All You Need To Know About DUI Marijuana Law In California

MJLegal is published by the MJBA.

CALIFORNIA: On November 8, 2016, Proposition 64 was passed in the state of California, legalizing the possession and recreational use of marijuana. On January 1, 2018, this law came into effect.

According to Proposition 64, any person aged 21 and over may purchase, possess and consume up to an ounce (28 grams) of cannabis or up to 8 grams of cannabis concentrate, and they may also grow up to 6 marijuana plants at their private residence.

In January 2018,  California became the eighth state to legalize marijuana, joining the likes of Oregon, Washington, Alaska, Nevada, Colorado, Maine and Massachusetts. But while you may be 21 and over in California, it is illegal to drive under the influence of marijuana in the state.

Arresting someone for a weed-influenced DUI is certainly not as easy as arresting someone for drunk driving. There is no “per se” level like the one for alcohol (0.08%), at least in California, and there are no simple tools like the Breathalyzer to instantly gauge if someone’s driving impaired.

This has created a substantial challenge for police officers in the state, with them having to rely on subjective judgments to determine whether a person is driving under the influence of marijuana.

But California does employ drug recognition experts trained specifically to conduct tests and identify cannabis-related impairment, so if you do get arrested, it’s important to know how to handle a Pot DUI charge.


23152(e) VC – Driving Under the Influence of Drugs
● 23152(f) VC – Driving Under the Combined Influence of Alcohol and Drugs
● Unlawful Possession of Marijuana for Personal Use


If you are arrested for violating 23152(e) VC or 23152(f) VC, you will be subjected to a standard Breathalyzer test used to detect alcohol impairment.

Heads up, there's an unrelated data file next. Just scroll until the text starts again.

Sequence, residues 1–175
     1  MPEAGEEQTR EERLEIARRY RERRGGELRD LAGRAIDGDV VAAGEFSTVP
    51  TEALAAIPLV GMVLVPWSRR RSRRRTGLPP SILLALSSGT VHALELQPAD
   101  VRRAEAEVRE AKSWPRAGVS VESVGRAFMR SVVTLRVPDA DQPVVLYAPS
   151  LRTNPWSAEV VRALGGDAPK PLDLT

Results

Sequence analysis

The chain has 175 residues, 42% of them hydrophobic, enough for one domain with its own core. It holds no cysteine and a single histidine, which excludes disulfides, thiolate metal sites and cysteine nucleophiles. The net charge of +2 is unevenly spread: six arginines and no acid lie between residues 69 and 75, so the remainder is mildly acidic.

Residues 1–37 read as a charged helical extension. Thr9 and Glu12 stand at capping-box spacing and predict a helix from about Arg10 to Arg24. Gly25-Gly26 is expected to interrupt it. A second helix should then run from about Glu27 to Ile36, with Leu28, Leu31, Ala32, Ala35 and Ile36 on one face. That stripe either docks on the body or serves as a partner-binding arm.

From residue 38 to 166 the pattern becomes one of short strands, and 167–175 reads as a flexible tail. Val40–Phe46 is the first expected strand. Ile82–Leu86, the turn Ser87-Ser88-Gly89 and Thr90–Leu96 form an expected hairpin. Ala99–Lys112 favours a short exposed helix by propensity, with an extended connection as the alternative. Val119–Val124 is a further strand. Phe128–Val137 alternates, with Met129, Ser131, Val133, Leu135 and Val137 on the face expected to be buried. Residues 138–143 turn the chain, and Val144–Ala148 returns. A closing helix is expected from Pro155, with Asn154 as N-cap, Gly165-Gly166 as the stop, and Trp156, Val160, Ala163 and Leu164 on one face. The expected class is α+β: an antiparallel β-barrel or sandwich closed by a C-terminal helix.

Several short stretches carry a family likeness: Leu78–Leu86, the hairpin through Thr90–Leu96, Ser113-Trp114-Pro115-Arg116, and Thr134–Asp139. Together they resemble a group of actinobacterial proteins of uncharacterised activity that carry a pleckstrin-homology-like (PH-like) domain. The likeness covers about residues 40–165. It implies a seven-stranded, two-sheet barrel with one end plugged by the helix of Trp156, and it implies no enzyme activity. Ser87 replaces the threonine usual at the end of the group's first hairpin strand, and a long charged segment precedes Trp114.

If the test comes up negative or low, and the officer has a reasonable suspicion of drug-related impairment, you will be asked to submit to a blood test or a urine test if you cannot take a blood test or if blood testing facilities are unavailable.

If you refuse to take a blood or urine test while under arrest, your driver’s licence will be suspended for a year, regardless of whether you are later convicted of driving under the influence or not.


Like any other instance of DUI, drug-related DUI is typically charged as a misdemeanor. The penalties imposed would depend on the case and the defendant’s prior DUI convictions, if any.

● 23152(e) VC

If the defendant is convicted under the California Vehicle Code Section 23152(e) VC, their driving license would be suspended for a period of 6 months for a first-time conviction. The period of suspension may be longer with a record of prior DUI convictions.

First-time offenders may have to spend 3 months or more in DUI school, and may also have to spend time in jail depending on the case. The punishments increase with second and third convictions.

● 23152(f) VC

If the defendant’s Blood Alcohol Concentration (BAC) is found to be more than 0.08% after a blood test, and they are convicted under the California Vehicle Code Section 23152(f) VC, their driving license would be suspended for a period of 6 months for a first-time conviction. The period of suspension may be longer with a record of prior DUI convictions.

The defendant may be placed on summary probation for 3 to 5 years, and they may have to serve jail time and attend DUI school for 3 months or more. The punishments increase with second and third convictions.

A defendant’s fourth or higher conviction is treated as a ‘wobbler’ offense, which can be treated either as a felony or a misdemeanor.

● Unlawful Possession of Marijuana

Possession of marijuana in excess of 28 grams or 8 grams of concentrated cannabis is considered a misdemeanor and is punishable by up to 6 months in county jail and/or a fine of $500.

Possession of marijuana under those limits by anyone aged 18-20 is punishable by a fine of $100 and mandatory drug counseling and/or community service.